A version of a proposal by Sandi Smith (Ward 1) to re-establish a formal policy on how to use the proceeds from the sale of city-owned land was approved by the Ann Arbor city council at its Oct. 15, 2012 meeting. However, the approved policy was far more restricted than Smith’s original proposal, which the council had considered but postponed on Sept. 17.
Smith’s initial proposal would have directed 85% of the net proceeds from the sale of any city-owned land in the Ann Arbor Downtown Development Authority district to be deposited in the city’s affordable housing trust fund. During the month-long postponement, the council’s budget committee discussed the proposal and made a recommendation that for only one city property – the Fifth & William lot, where the former YMCA building previously stood – the net proceeds from any future sale would be deposited into the city’s affordable housing trust fund.
The budget committee also recommended that any other properties be considered on a case-by-case basis, considering all the needs of the city. And that’s essentially the recommendation that the council’s approved resolution adopted. A nod to affordable housing was included in an amendment added at the council meeting in the form of a statement that all needs of the city would be considered in deciding the use of land sale proceeds – but “especially the need for affordable housing.”
From a parliamentary point of view, Smith’s resolution and the budget committee’s recommendation were two separate agenda items – so the council first voted down Smith’s resolution and then later in the meeting approved the budget committee’s version.
The wording of the approved resolution stipulates that for the Fifth & William site, the net proceeds of any sale “first be utilized to repay the various funds that expended resources on the property, including but not limited to due diligence, closing of the site and relocation and support of its previous tenants, after which any remaining proceeds be allocated and distributed to the Affordable Housing Trust Fund … ”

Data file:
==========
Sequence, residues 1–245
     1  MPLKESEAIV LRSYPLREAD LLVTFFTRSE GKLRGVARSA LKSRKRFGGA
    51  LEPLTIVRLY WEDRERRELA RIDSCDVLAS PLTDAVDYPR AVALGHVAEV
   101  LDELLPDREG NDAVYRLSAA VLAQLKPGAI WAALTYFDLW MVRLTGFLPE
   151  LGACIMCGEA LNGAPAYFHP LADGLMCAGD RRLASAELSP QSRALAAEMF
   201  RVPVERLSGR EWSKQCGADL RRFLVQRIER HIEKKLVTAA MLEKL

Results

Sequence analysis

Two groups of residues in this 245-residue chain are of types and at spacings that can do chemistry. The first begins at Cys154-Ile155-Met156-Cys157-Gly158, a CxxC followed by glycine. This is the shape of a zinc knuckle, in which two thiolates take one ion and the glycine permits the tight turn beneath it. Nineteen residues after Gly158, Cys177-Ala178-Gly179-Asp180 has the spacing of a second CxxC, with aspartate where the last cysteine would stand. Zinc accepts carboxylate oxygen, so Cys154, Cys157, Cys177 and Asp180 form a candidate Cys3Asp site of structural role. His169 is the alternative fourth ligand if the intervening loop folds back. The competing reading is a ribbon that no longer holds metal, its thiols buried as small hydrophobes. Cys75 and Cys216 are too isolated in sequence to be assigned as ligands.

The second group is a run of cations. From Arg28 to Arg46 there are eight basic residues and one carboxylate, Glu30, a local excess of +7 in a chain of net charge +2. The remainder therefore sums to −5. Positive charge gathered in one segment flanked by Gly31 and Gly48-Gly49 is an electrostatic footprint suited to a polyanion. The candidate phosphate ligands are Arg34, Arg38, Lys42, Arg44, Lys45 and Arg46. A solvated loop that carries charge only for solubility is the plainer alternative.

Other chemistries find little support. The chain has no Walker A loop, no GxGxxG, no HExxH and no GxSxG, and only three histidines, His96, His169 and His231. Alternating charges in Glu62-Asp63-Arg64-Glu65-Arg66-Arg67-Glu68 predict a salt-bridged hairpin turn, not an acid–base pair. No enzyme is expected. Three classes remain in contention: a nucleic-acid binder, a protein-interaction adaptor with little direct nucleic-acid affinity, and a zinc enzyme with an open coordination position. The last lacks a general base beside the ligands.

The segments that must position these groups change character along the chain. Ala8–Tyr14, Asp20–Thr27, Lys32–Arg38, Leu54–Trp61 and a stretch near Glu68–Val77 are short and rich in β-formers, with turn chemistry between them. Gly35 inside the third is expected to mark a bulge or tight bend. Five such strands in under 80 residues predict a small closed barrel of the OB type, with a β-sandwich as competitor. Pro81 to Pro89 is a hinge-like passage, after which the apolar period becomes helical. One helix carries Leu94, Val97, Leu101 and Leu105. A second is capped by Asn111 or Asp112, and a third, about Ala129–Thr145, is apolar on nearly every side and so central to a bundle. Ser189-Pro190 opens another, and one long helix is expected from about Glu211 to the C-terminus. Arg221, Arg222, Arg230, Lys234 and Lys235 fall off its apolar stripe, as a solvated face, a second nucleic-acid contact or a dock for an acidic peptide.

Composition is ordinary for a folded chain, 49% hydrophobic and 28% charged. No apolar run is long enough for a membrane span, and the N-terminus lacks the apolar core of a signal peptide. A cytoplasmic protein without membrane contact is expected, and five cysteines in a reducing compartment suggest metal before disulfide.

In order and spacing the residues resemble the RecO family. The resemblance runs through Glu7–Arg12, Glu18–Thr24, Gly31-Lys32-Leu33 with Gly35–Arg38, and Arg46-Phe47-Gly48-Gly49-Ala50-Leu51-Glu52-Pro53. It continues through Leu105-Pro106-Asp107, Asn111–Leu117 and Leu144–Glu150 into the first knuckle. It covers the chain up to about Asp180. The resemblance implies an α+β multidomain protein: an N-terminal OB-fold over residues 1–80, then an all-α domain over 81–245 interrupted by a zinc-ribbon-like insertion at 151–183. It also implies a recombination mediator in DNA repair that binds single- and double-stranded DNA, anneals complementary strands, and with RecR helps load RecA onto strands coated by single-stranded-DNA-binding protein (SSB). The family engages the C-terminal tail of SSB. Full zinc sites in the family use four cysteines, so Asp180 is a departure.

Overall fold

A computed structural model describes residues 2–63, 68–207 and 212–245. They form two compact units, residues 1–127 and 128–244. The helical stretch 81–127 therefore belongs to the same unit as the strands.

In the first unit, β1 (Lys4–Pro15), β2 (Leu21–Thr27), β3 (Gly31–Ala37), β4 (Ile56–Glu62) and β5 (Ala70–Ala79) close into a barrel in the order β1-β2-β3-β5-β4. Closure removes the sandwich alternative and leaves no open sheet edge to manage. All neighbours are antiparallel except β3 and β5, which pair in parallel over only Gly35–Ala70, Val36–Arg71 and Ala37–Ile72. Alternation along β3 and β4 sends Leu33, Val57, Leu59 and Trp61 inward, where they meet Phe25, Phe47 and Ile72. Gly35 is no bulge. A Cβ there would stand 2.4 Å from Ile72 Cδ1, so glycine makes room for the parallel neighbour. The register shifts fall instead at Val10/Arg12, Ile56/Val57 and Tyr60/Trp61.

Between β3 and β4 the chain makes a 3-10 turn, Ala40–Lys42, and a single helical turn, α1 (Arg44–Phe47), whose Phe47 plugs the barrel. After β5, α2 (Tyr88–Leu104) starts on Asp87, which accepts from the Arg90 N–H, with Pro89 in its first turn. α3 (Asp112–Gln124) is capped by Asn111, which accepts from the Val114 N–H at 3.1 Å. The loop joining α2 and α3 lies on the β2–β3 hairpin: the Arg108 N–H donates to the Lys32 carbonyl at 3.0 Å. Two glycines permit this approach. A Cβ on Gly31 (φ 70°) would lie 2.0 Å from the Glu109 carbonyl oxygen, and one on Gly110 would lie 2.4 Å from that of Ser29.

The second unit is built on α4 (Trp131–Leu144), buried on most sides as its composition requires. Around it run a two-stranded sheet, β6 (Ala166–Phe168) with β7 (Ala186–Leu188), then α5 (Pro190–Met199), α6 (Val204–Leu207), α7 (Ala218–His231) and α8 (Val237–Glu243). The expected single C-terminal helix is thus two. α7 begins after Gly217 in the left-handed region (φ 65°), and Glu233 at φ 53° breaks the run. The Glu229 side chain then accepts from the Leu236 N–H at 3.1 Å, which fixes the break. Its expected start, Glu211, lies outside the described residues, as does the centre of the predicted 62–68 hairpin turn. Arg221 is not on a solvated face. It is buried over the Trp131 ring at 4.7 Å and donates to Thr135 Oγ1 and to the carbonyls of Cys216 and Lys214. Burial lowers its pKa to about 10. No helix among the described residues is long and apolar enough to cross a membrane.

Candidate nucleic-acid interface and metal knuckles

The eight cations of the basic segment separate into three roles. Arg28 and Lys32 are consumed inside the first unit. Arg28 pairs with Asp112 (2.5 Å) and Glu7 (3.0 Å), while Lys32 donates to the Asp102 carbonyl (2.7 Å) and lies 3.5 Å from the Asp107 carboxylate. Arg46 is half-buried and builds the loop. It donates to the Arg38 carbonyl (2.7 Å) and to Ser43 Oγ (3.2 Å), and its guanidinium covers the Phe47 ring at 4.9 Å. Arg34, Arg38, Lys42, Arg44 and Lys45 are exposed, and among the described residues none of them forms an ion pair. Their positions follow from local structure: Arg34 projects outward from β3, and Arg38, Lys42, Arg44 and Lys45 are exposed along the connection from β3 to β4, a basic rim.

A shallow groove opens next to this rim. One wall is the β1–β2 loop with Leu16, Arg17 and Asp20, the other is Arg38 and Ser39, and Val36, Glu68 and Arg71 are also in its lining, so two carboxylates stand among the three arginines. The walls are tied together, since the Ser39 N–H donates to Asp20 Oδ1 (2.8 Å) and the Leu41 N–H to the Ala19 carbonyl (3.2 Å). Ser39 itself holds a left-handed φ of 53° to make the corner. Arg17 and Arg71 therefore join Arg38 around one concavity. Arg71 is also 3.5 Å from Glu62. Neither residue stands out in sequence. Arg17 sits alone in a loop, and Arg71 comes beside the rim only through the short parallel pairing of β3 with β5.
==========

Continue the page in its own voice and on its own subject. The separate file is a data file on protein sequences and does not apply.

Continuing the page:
The relocation costs for previous Y tenants are estimated at around $1.3 million. The property’s purchase price in 2003 was $3.5 million. The council voted in 2008 to extend the five-year loan with the Bank of Ann Arbor for another five years, through the end of 2013. The interest rate is 3.89%. The interest-only payments work out to roughly $140,000 a year, of which the city has paid half. The Ann Arbor DDA has paid the other half of the interest payments. And when the YMCA building was condemned, the DDA also paid for the cost of demolishing it and abating asbestos – around $1.5 million. The total amount of local governmental costs associated with the property since 2003 is $7.7 million.
The kind of city policy approved by the council on Oct. 15 has a long history, dating back to 1996. And a previous policy of directing proceeds of city-owned land sales to the affordable housing trust fund was rescinded by the council in 2007. More detailed background is provided in previous Chronicle coverage: “City Council to Focus on Land Sale Policy.”
During initial deliberations at the council’s Sept. 17 meeting, Smith’s resolution appeared to have only mixed support on the council. Stephen Kunselman (Ward 3) indicated he would only support the resolution if the proceeds from land sales were put toward the Ann Arbor Housing Commission specifically. Jane Lumm (Ward 2) said she could not support a percentage as high as 85%. Other councilmembers expressed skepticism at the value of a non-binding council resolution that future councils would not need to honor.
Another concern heard at the council’s budget committee meeting was that groups with other interests besides affordable housing – like greenway advocates – were also interested in “getting a bite at the apple” of city-owned land sale proceeds.
There are no imminent sales of city-owned land, but a current planning process could eventually result in one or more such sales. The DDA has undertaken a study at the previous direction of the city council, under the moniker of Connecting William Street. That process focuses on five city-owned parcels in the area bounded by Ashley, Liberty, Division and William streets. For Chronicle coverage of a recent presentation on the project to the city’s planning commission, see “Planning Group Briefed on William Street Project.
This brief was filed from the city council’s chambers on the second floor of city hall, located at 301 E. Huron. A more detailed report will follow: [link]